Is it legal to buy a product, alter it, remove identifying marks, and resell under another label?

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Is it legal to buy a product, alter it, remove identifying marks, and resell under another label?

I would like to sell custom Bomber Jackets in an online store, under my own label.
It is cost-prohibitive to produce them from scratch, but possible to buy them in
bulk from wholesale dealers and resell them. However, presumably any jackets I
buy will be branded by the manufacturer. I want to know if it is legal under
copyright and trademark law to alter these jackets custom embroidery, patches,
etc., remove the maker’s tags and replace them with my own, and resell them
without giving mention or credit to the original maker, essentially passing them off
as an entirely new product.

Asked on September 6, 2017 under Business Law, California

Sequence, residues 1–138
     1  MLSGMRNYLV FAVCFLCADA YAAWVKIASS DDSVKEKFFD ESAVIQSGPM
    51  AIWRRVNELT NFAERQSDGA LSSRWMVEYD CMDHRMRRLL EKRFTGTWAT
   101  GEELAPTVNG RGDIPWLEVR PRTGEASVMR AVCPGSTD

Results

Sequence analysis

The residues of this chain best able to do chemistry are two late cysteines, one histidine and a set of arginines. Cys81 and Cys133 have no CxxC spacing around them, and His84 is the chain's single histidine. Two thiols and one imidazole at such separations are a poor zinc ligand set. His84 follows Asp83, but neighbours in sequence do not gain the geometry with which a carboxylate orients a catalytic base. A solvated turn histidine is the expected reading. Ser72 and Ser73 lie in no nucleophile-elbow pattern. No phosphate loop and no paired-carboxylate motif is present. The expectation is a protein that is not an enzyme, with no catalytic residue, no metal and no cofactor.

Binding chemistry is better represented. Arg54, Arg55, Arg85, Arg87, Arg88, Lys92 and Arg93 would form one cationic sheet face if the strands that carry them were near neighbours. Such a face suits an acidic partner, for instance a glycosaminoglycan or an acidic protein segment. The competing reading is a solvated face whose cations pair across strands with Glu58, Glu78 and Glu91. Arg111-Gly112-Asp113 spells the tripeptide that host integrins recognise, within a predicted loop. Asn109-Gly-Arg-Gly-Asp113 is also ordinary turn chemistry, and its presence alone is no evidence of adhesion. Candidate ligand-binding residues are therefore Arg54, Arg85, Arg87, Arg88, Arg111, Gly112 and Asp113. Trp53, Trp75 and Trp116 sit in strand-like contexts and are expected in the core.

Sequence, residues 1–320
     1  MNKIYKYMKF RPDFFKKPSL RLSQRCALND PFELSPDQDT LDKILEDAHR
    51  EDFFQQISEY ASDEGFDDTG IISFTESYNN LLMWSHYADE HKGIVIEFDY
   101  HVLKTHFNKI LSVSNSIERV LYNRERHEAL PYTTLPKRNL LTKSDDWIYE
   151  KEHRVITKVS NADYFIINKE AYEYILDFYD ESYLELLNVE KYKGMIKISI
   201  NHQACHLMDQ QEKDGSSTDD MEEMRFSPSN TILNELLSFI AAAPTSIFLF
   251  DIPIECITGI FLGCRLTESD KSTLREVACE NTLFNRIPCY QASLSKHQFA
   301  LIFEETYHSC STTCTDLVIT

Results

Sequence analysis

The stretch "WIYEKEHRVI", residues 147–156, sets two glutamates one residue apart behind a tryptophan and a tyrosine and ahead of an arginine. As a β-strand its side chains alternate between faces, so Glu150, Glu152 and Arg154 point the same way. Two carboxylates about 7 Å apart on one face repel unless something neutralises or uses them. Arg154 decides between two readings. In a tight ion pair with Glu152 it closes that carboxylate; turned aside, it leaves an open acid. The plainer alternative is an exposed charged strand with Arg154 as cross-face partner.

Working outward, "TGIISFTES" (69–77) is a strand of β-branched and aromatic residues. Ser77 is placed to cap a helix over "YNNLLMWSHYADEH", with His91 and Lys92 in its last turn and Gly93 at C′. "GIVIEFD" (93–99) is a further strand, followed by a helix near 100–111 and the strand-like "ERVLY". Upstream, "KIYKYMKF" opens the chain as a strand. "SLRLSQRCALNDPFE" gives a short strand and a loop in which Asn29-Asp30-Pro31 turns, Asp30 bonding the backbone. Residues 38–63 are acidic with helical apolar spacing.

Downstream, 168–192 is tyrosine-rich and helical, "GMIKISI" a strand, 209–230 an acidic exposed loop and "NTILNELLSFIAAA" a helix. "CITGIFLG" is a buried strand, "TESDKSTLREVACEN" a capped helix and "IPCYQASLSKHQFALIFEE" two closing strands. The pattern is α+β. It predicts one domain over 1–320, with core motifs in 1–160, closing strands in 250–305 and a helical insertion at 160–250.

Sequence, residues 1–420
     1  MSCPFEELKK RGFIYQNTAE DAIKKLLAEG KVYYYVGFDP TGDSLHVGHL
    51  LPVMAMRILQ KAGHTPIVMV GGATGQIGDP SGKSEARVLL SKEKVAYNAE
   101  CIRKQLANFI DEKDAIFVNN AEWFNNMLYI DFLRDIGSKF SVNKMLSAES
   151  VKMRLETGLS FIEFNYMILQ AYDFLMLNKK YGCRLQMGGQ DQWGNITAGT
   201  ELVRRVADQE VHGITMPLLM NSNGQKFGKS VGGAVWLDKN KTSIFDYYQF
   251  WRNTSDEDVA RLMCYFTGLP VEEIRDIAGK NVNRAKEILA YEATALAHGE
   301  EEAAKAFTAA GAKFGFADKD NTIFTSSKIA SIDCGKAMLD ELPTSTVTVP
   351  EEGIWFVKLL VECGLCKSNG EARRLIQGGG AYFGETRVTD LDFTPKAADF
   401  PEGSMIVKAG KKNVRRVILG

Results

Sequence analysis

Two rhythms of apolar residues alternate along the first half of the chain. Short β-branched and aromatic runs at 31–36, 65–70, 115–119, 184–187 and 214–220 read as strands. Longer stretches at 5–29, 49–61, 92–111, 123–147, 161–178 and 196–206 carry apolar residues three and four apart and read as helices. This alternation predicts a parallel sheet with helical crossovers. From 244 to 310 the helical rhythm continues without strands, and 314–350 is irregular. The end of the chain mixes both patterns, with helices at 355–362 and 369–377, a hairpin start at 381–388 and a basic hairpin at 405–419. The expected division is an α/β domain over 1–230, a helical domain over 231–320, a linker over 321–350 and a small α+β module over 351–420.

Answers:

SJZ, Member, New York Bar / FreeAdvice Contributing Attorney

Answered 4 years ago | Contributor

It is illegal under the Lanham Act and unfair competition law: you would be passing off another's product as your own, which is considered an act which can confuse customers as to the origin of those products. Doing this exposes you to considerable liabilty (i.e. the manufacturer, if it becomes aware of this, could sue you for alot of money).
IN ADDITION, if the design of the jackets is itself copyrighted (or covered by any patents, including a design patent), as it may be, then removing the marks would not eliminate the copyright (inherent in the design in this example) or any patents, and so you'd also potentially be violating the manufacturer's copyright and/or patent, too, thereby being liable on this basis, too.


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